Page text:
The Taliban has sought to reassure the country and the world that it will act responsibly as it prepares to resume power, following the swift collapse of the Afghan army.
Biden on Saturday boosted the US troop deployment in an attempt to ensure an “orderly and safe drawdown.” The authorisation adds about 1,000 US personnel to the deployment of 3,000 Marines and soldiers announced this week and 1,000 troops already at the airport and the embassy, according to a defense official.
Biden again defended his decision to withdraw troops from Afghanistan after 20 years.
“I was the fourth president to preside over an American troop presence in Afghanistan – two Republicans, two Democrats,” Biden said. “I would not, and will not, pass this war onto a fifth.”
‘Watching in horror’
Thousands of Afghans fled to Kabul in the face of the Taliban advance as the crisis threatened to spill outside the country’s borders and send waves of refugees as far afield as Europe.
People also flocked to Kabul’s Hamid Karzai International Airport hoping to catch a flight out. “We’re expecting to be evacuated – I hope we’ll be out in a few days,” Emir Sayit, a Turkish civil engineer, said by phone on Sunday.
The rapid fall of Afghanistan’s cities to the Taliban shocked many US officials and ramped up bipartisan criticism of Biden’s exit plan. The US has been surprised and frustrated by the Afghan army’s inability or unwillingness to fight back.
Russia seized on the situation to criticise the US. “The world is watching in horror the results of Washington’s latest historical experiment,” Russian Foreign Ministry spokeswoman Maria Zakharova said in a Telegram post on Sunday. Russia said it’s not planning to evacuate its embassy in Kabul, with Tass quoting a Taliban spokesman saying the group has good relations with Moscow.
Biden has faced mounting criticism from human rights groups and some members of his own party, as reports emerge the Taliban is already bringing a return to attacks on women and other abuses reminiscent of its earlier rule. Social media posts on Sunday portrayed images of women on Kabul buildings being painted over.
The Biden administration has argued the Afghan army must take the reins at last, while the US provides continued military and financial support.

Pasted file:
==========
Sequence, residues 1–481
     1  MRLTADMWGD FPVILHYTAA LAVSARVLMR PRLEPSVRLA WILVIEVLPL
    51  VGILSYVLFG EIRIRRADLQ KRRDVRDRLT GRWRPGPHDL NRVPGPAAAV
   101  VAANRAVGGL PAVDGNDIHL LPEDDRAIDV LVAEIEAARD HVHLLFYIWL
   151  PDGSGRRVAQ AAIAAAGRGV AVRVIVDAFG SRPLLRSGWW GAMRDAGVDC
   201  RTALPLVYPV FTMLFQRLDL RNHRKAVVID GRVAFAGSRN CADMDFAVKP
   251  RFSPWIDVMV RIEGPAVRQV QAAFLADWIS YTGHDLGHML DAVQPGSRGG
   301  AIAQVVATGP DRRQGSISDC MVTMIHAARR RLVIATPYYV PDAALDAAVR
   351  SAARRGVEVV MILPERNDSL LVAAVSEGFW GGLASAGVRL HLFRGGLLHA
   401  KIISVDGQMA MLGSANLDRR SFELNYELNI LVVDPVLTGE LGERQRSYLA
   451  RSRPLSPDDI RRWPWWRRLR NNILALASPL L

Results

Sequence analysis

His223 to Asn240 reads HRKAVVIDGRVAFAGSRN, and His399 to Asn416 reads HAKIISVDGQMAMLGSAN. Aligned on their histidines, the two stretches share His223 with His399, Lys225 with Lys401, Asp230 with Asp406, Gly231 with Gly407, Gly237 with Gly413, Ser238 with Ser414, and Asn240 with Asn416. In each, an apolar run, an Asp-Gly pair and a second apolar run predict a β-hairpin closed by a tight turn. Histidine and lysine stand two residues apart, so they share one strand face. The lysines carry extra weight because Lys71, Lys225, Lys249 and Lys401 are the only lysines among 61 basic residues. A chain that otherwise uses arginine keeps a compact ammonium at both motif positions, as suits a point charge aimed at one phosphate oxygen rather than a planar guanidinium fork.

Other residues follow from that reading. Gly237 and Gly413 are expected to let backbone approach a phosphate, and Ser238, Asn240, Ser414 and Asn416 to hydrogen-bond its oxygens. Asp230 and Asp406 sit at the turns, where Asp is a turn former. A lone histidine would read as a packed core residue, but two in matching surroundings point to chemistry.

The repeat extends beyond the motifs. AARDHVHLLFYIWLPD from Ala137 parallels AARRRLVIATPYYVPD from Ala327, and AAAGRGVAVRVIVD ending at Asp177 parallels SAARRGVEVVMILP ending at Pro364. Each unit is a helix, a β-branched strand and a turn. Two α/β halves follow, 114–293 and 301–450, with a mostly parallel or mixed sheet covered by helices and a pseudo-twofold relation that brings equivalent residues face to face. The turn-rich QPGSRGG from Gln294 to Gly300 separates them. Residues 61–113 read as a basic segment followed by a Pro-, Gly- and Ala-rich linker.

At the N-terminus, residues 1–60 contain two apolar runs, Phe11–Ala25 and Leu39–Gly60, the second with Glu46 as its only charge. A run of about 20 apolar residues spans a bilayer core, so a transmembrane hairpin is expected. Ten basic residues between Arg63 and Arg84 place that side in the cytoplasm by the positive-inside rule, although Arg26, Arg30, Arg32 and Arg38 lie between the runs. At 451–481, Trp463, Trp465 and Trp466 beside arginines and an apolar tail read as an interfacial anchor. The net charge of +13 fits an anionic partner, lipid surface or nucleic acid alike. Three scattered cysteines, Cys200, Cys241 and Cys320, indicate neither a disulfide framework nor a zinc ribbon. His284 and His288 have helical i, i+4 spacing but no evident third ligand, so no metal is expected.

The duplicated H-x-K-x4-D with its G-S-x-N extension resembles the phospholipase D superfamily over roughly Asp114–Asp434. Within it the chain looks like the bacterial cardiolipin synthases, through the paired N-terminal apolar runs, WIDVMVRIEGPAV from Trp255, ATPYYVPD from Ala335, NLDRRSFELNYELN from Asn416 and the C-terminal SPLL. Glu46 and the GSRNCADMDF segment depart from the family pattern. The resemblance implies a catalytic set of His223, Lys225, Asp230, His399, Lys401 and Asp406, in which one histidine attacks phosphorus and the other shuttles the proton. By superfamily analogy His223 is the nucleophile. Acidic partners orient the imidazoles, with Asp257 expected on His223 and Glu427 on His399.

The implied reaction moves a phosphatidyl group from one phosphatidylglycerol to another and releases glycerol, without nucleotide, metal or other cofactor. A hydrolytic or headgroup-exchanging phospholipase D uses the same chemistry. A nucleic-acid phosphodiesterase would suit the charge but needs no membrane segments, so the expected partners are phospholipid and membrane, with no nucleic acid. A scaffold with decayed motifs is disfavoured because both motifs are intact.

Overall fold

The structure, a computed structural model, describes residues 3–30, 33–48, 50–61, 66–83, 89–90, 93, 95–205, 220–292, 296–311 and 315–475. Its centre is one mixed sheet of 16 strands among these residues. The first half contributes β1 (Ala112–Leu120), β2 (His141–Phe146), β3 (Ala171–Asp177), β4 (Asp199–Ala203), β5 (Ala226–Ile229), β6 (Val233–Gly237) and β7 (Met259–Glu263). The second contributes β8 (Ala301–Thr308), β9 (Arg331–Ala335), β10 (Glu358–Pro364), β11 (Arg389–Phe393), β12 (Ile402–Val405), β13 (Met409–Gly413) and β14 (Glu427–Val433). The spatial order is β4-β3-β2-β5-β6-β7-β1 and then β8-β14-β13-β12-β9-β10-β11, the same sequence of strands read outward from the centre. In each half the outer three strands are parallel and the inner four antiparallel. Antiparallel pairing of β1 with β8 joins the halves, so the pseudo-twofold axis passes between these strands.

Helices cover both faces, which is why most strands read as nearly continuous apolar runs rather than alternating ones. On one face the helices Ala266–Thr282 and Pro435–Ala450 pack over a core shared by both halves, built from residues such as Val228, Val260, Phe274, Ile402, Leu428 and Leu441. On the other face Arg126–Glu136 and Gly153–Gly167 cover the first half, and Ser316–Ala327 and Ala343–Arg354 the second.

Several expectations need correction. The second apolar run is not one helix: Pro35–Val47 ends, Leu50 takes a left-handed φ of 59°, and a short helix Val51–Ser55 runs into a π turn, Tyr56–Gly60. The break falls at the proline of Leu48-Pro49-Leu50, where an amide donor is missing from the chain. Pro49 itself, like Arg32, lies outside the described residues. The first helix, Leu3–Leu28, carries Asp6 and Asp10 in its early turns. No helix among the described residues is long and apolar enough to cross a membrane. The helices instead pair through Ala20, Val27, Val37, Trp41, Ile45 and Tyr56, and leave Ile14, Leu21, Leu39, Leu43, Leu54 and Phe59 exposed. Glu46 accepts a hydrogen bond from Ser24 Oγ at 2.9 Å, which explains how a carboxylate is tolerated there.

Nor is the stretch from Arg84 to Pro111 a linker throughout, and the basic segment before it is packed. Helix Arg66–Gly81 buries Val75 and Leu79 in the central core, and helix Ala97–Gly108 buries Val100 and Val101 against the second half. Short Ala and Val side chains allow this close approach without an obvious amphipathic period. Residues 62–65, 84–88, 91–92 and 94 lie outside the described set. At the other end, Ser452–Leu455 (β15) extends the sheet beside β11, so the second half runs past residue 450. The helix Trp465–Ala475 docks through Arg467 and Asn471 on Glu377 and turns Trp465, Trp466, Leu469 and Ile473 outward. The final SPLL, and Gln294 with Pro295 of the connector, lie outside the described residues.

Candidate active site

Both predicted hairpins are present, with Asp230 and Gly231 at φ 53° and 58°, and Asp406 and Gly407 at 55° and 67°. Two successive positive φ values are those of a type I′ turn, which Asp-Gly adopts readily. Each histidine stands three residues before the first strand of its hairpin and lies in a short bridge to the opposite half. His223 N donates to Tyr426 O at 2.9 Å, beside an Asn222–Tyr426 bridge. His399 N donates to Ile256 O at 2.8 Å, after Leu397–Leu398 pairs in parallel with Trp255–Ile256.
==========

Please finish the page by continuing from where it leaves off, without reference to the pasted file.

“One more year, or five more years, of US military presence would not have made a difference if the Afghan military cannot or will not hold its own country,” Biden said.
During Taliban rule from 1996 to 2001, women were prohibited from working, attending high school or appearing in public without a burqa, a garment that covers the wearer’s entire body, head, and face. In recent weeks, Taliban fighters in northern areas told some female employees of branches of Afghanistan International Bank to leave work and go home.
Late Saturday, the Taliban released a lengthy statement denying reports that it had killed prisoners and forced villagers to hand over their daughters to marry Taliban soldiers. In the statement, the group said it would respect public property, redeploy bureaucrats and military officers, and provide amnesty for anyone who “helped the invaders”.
In other developments:
- Afghan troops surrendered Bagram Air Base, north of Kabul, which the US handed over to Afghanistan last month after almost 20 years, the AP reported.
- Prime Minister Boris Johnson is expected to recall the UK Parliament on Wednesday to discuss the situation in Afghanistan. Johnson had an emergency meeting Friday with top-level government officials.
- Turkey’s president warned of a flood of migration likely from those fleeing Afghanistan.
- Neighbouring Iran said on Sunday it will give temporary refuge to Afghans.
- Sweden joined the UK, Germany, Canada, Italy, Australia and other countries in announcing plans to pull diplomats, and in some cases local support staff, out of Afghanistan. DM
–With assistance from Larry Liebert, Rainer Buergin, Max Zimmerman and Daniel Flatley.